Nurturing talent as important as process in suffrage debate
As the nomination of candidates continues to dominate the universal suffrage debate, an equally important issue has not been given the attention it deserves - a sustainable supply of political talent. However well designed the electoral arrangements will be, it does not help if a future chief executive lacks the experience to do the job and cannot find the right people to join the ruling team.
Over the years, various steps have been taken to nurture more political talent. The introduction of the ministerial system in 2002 and the subsequent expansion to include another two layers of officials is an example. Appointments to government advisory committees are also more diversified than before. Separately, political parties are more willingly to field younger candidates in Legco and district council polls than before.
But the truth is that despite the emergence of a handful of up-and-coming lawmakers, the political arena is still dominated by faces from two decades ago. The situation in the administration is not reassuring, either. The performance of some ministers leaves a lot to be desired, while the lower tiers are filled by the politically inexperienced. Only a few from the previous term managed to take up higher positions in the new government. Three political assistants quit Leung Chun-ying's team over the past month for various reasons. As suggested by Executive Councillor Bernard Chan, the government and political parties will face succession problems in the coming decade. His worry about whether the future chief executive can assemble a strong ruling team is not unfounded.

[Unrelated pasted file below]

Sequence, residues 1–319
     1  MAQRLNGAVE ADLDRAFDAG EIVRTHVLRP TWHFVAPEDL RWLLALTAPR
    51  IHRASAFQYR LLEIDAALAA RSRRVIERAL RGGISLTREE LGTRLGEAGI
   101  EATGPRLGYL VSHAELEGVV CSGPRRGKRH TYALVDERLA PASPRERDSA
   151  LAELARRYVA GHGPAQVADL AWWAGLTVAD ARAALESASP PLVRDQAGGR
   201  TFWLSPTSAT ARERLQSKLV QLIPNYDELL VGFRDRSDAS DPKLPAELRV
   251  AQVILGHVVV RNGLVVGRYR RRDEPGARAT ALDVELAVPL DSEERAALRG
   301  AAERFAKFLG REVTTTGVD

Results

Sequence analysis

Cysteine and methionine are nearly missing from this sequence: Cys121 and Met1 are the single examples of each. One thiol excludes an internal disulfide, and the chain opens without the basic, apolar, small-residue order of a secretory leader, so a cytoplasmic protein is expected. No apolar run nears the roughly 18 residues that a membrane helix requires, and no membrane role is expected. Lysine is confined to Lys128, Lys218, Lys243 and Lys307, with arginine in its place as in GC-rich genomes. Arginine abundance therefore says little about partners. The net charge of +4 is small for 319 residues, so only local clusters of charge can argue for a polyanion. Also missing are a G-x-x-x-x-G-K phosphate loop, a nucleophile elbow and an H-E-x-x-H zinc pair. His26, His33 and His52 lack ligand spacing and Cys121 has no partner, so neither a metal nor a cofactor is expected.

Tackling an ageing political population is as urgent as hammering out the right electoral arrangements. Government and political parties have to step up their efforts to groom talent. One option is to give parties a bigger role in governance. That would give them more room to develop and mature and help nurture a stronger sense of responsibility. Hopefully, this change could attract more aspirants to come forward.
The development of party politics is an inevitable step as we move towards universal suffrage. Currently, the chief executive cannot be a member of any party. The lack of firm party support in the legislature means policies, legislation and funding are all endorsed on a case-by-case basis, often after painful lobbying across the political spectrum. The results are inefficiency, inconsistency and instability. The present system is hardly sustainable without a revamp.